For the record, I am glad that I am not a doctor. When you are in the operating room, you do not want your medical professional squealing in fright at the insides of the human body. The Book of Blood is not a gross-out book, at least not intentionally.
But it’s blood! They’re talking about blood! [this is where I faint]
Until the past century, large gaps of time passed between breakthroughs in the study of blood. Part of that is because humans need blood and are usually pretty opinionated about parting with it. The Book of Blood traces the history of the study of blood, from Herophilus and Ibn al-Nafis to Karl Landsteiner and the oligosaccharide polymer. I had heard of Herophilus before but not the other two and that’s what I appreciate about the book. It branches into parts of scientific history that I was not familiar with. I also knew that there were different types of blood, but I didn’t realize what the differences between A and B and positive and negative were (it’s about the presence or absence of certain polymers).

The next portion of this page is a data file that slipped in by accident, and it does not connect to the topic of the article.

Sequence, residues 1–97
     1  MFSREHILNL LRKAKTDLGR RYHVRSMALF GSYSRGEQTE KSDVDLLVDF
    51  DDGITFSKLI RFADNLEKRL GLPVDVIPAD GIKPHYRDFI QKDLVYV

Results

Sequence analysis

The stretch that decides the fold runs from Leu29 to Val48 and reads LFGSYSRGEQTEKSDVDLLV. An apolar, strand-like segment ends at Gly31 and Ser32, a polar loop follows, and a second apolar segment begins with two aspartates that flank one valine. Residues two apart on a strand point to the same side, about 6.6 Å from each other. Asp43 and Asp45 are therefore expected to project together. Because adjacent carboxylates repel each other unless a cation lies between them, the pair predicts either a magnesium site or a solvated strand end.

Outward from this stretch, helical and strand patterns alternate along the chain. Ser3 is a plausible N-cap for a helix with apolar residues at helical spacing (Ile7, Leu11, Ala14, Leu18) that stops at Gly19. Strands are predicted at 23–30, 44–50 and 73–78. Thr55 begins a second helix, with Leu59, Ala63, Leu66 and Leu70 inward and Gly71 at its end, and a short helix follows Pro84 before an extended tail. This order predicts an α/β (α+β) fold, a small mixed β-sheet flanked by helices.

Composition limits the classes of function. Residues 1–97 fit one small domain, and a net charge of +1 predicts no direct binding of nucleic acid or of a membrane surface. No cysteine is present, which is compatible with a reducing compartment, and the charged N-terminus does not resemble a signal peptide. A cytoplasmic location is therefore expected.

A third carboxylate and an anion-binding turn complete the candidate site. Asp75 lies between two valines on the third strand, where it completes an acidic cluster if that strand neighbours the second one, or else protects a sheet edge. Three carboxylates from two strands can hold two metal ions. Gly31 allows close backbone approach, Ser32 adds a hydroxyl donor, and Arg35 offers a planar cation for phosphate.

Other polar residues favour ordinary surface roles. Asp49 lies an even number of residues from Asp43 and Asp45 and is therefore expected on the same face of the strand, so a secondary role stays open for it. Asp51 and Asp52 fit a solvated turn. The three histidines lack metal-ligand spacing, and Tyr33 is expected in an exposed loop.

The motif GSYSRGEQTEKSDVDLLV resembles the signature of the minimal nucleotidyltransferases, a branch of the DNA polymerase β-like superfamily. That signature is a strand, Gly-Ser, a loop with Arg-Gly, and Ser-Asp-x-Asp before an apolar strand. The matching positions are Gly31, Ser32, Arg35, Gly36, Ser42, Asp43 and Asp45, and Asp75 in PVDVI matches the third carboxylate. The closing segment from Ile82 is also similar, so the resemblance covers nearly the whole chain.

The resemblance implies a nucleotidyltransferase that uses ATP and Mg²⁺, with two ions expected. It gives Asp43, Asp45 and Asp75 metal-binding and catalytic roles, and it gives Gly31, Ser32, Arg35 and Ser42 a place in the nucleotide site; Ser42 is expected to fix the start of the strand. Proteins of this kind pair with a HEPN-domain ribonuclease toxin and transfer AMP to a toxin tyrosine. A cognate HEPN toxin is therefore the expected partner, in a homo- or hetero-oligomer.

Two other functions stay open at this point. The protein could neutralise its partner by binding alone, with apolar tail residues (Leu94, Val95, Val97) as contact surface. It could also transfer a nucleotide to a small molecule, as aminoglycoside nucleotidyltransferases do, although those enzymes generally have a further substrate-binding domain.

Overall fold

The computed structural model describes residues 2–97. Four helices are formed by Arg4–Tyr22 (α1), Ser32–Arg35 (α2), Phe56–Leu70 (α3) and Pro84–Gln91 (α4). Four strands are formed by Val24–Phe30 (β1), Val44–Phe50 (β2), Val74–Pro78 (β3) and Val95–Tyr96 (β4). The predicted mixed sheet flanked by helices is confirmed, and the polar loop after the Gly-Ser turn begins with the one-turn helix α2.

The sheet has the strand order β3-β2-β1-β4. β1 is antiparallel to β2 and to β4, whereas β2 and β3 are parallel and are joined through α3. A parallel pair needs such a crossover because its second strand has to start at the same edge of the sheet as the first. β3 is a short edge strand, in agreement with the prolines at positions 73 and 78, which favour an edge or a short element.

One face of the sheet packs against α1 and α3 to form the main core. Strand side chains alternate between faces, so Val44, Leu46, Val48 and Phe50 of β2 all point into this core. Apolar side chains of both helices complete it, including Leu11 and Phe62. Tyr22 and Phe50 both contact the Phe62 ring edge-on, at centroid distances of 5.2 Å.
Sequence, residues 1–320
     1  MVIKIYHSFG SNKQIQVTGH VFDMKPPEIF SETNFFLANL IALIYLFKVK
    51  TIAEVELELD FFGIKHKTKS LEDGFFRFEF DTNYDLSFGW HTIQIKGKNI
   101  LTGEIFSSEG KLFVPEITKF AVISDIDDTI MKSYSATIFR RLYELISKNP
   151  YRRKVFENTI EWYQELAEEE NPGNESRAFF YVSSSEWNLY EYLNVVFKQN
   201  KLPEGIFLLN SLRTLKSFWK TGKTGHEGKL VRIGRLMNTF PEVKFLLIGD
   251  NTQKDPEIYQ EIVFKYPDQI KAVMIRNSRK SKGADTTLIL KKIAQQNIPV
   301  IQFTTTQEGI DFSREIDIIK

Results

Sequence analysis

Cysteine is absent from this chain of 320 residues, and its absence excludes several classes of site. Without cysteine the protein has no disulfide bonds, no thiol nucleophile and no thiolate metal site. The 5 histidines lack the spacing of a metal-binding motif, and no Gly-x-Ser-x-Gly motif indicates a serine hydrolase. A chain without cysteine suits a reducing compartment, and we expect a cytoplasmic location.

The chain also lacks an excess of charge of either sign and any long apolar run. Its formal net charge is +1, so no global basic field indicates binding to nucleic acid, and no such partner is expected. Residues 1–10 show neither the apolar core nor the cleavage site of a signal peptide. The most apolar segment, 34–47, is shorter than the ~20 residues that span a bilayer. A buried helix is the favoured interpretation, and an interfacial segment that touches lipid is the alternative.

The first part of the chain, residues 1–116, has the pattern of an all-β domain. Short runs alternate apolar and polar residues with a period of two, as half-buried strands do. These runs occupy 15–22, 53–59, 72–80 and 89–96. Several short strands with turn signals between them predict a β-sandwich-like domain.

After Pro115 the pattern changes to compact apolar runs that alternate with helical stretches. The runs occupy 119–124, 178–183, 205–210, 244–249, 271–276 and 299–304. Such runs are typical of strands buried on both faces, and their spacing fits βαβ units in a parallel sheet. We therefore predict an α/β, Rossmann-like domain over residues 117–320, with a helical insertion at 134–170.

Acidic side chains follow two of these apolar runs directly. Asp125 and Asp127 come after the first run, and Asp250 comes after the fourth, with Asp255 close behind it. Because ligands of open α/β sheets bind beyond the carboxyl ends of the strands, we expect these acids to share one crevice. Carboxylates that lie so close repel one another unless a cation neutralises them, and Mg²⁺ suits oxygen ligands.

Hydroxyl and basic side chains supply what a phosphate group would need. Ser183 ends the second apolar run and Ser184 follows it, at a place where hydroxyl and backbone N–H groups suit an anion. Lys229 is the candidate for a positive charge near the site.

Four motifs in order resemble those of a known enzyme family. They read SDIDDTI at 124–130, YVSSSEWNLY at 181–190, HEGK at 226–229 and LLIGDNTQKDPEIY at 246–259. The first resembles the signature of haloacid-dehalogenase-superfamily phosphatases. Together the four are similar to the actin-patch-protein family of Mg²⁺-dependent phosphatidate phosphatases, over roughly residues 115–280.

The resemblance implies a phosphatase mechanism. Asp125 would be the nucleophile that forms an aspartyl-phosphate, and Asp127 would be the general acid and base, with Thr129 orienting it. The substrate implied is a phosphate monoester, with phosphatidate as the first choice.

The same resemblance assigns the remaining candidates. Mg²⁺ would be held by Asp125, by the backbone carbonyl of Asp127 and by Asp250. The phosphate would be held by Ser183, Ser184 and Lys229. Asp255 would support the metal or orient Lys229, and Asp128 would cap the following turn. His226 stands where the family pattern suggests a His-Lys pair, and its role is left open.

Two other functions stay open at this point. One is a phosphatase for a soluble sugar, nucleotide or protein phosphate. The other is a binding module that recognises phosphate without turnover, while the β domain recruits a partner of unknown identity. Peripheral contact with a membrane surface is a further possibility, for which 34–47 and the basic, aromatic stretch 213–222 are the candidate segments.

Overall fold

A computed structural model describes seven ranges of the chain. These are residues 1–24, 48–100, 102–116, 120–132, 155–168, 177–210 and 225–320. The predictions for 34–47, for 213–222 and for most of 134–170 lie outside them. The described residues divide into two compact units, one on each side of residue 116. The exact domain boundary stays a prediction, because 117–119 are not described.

The science is there. The history is there. It makes for a great nonfiction read.
Even a simple sentence like:
“In times when the body is sick or injured and is losing blood, the spleen can squeeze some of its stored-up reserves back into the body so that the proper amount is still flowing through the arteries and veins.”
grips the reader’s attention.
Squeeze? [this is where I scream and faint again]